Variable number of parameters on a prepared statement in PHP

Sometimes, you need to use a different number of parameters for a prepared statement. The call_user_func_array function allows you to call bind_param with a varying number of parameters.


// Start by validating your data
$something filter_input(INPUT_POST'something'FILTER_VALIDATE_REGEXP, ['options' => ['regexp' => '/^(this|that|other|thing)$/i']]);
// Set up the types string
$types '';
// Initialize the array the variables will be referenced from
$values = [];
// Create the base SQL statement
$query 'SELECT * FROM table';
// Initialize an array to store the WHERE comparisons
$where = [];
// Check to see if $something should be used 
// empty tests for both null (no data in input) and false (invalid data)
if (!empty($something)) {
    // Set the WHERE comparison for something
    $where[] = 'something = ?';
    // Append the type for this comparison
    $types .= 's';
    // Add a reference to the $something variable (that's what the ampersand is)
    $values[] = &$something;
// If the $where array has elements, add them to the query
if (count($where) > 0) {
    $query .= ' WHERE '.implode(' AND ',$where);
$stmt $mysqli->prepare($query);
// Create the array of parameters which will be sent to the bind_param method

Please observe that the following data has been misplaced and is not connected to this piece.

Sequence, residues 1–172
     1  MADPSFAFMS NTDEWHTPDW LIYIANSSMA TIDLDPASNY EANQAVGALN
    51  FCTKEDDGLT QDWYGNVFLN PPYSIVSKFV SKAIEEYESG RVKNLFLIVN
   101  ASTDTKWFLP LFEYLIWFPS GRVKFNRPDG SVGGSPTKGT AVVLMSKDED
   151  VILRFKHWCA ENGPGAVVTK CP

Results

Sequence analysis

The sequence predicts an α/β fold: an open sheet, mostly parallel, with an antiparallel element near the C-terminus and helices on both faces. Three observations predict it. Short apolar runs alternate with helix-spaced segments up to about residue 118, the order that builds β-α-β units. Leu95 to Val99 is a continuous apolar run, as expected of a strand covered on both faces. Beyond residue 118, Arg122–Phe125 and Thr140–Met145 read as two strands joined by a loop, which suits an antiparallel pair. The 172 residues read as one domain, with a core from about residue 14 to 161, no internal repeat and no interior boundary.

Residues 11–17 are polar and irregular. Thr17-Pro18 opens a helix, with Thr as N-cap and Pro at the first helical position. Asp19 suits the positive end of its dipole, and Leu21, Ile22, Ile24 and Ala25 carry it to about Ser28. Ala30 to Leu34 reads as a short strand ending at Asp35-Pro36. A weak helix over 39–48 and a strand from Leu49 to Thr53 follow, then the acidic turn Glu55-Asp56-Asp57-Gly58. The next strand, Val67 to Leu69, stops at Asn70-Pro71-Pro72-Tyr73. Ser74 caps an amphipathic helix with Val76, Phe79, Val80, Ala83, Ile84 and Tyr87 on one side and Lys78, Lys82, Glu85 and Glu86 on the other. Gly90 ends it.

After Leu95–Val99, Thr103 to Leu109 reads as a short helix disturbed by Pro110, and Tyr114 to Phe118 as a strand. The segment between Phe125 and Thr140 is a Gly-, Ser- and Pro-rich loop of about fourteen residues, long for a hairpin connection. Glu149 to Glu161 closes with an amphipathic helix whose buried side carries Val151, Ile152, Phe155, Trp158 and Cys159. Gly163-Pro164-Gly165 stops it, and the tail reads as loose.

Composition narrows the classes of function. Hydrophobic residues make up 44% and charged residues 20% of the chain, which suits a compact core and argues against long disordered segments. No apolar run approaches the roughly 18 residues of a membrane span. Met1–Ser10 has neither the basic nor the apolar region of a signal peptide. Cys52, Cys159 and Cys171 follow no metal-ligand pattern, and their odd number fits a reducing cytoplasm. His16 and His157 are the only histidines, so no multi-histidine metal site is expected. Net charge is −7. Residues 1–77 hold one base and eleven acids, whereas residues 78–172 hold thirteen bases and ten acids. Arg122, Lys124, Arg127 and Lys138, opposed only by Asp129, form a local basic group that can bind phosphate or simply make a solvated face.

$params array_merge([$types],$values);
// Bind the variables

What Branch am I on Anyway?

Often during web development the code is switching between different branches and it can be difficult to let everyone on a small team know which branch is in use.

Adding this line to a PHP script and using CSS to make it easy to see can save time.


<div class="git-branch">'.`git name-rev --name-only HEAD`.'</div>

Be sure to wrap it in some code to prevent display on the production site.

One Approach to Complying with a "script-src 'self'" Content Security Policy


I recently encountered this error when working with plugin code on an application:

Refused to execute inline script because it violates the following Content Security Policy directive: "script-src 'self' chrome-extension-resource:".

The cause of the error was inline script code I was using to pass values from the server to the client.

After a bit of research (see the link above), the best solution looked like a little bit of PHP code to create the JavaScript required to pass the values to the client.

The overhead of checking the timestamp and creating the file is minimal, so this code recreates the JavaScript once each day.


Class CSP {
    const JSFILENAME 'csp.js';
    static public function cspFilename($dir __DIR__) {
        return $dir.'/'.self::JSFILENAME;
    static public function cspFileNeedsRebuild($filename) {
        if (!is_file($filename)) {
            return true;
        $fileLastModified date('z',filemtime($filename));
        $today date('z');
        return $fileLastModified !== $today;
$someValue 'Some value';
$jsFilename CSP::cspFilename();
if (CSP::cspFileNeedsRebuild($jsFilename)) {
    $js 'var someValue = "'.$someValue.'";'.PHP_EOL;
echo '<script src="'.$jsFilename.'"></script>';

Other solutions I could have used would have been to disable the Content Security Policy, but that's really a stupid approach. There is also nonce and one may code the policy with more complex values.